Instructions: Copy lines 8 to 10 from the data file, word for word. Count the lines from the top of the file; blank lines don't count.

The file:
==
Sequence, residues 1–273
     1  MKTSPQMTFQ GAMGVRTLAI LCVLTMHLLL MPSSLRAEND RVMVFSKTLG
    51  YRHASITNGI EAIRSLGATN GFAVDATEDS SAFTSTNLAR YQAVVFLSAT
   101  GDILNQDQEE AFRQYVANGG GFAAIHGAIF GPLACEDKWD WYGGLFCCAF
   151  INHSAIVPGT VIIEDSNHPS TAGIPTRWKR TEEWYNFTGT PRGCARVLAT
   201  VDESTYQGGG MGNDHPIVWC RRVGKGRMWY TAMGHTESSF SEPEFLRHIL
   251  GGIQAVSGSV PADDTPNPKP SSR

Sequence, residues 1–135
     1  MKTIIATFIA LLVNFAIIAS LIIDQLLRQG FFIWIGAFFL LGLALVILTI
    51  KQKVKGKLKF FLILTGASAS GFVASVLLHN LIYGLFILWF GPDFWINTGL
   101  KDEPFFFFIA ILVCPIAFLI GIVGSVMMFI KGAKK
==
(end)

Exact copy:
Sequence, residues 1–135
     1  MKTIIATFIA LLVNFAIIAS LIIDQLLRQG FFIWIGAFFL LGLALVILTI
    51  KQKVKGKLKF FLILTGASAS GFVASVLLHN LIYGLFILWF GPDFWINTGL